Pure water is naturally soft. However, when water travels the sometimes great distances to reach home taps, it picks up materials on the way. The materials picked up in water include a variety of minerals, such as calcium and magnesium. While these minerals are also necessary for human health, the traces found in water are inorganic, and cannot be used by the body like the minerals in food can. Still, these small amounts can significantly damage household appliances.
Because of this, many homeowners install water softeners or water conditioners to combat the effects of hard water. The two installations work in slightly different ways. Traditional water softeners use salt for a process called “ion exchange.” During this process, magnesium and calcium ions are essentially exchanged for sodium ions, making the water soft. Salt-free water conditioners don’t remove the hard water minerals, but instead change their form so that they can no longer bind to surfaces.
The Taste of Hard Water vs Soft Water
Knowing how water softeners and water conditioners change water from hard to soft, the next question is often how the homeowner’s water experience is going to change. It is commonly known that soft water feels slicker than hard water, and that soft water dissolves soaps and detergents more quickly, resulting in more suds with less product. However, sometimes the taste of water can change as well.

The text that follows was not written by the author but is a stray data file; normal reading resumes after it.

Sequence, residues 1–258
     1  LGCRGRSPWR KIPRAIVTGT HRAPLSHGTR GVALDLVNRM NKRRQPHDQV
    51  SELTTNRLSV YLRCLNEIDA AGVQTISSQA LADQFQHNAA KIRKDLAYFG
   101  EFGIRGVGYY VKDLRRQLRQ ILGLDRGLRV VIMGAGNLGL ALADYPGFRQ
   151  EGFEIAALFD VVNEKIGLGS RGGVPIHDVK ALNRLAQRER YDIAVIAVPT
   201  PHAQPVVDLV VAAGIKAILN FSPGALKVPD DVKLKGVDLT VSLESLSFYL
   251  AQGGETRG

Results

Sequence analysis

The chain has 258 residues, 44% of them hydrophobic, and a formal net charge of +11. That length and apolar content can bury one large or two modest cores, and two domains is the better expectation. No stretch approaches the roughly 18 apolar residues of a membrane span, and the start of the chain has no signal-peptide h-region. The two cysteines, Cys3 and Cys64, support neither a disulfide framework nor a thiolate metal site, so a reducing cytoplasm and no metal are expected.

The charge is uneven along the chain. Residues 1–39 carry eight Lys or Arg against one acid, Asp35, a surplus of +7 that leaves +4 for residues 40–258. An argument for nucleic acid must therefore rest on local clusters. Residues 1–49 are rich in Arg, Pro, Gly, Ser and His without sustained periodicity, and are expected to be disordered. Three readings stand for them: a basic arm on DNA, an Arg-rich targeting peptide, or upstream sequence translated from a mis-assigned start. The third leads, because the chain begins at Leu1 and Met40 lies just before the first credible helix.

For some people, the difference in the taste of softened water as compared to hard water is barely noticeable, but still present. The reason for the difference in taste is due to the minerals in the water. The minerals in hard water react to the tongue’s taste buds, giving hard water its taste. These minerals are not present in soft water, and so the reaction doesn’t take place, resulting in the slightly different taste people experience. Many people report finding soft water to taste more “refreshing.”
The Taste of Beverages that Use Water
Because the taste of soft water is slightly different from the taste of hard water, the flavor of any beverages made with that water will be slightly different as well. Such beverages could include homemade lemonade, tea, and fruit flavored drinks. In general, beverages made with soft water tend to have a stronger, clearer flavor, since the taste is not altered by the presence of minerals, such as those found in hard water.
If you would like more information about the beneficial effects of a water softener or a water conditioner, or would like information about installing one in your home, contact Clear Water of San Marcos, located in San Marcos, TX.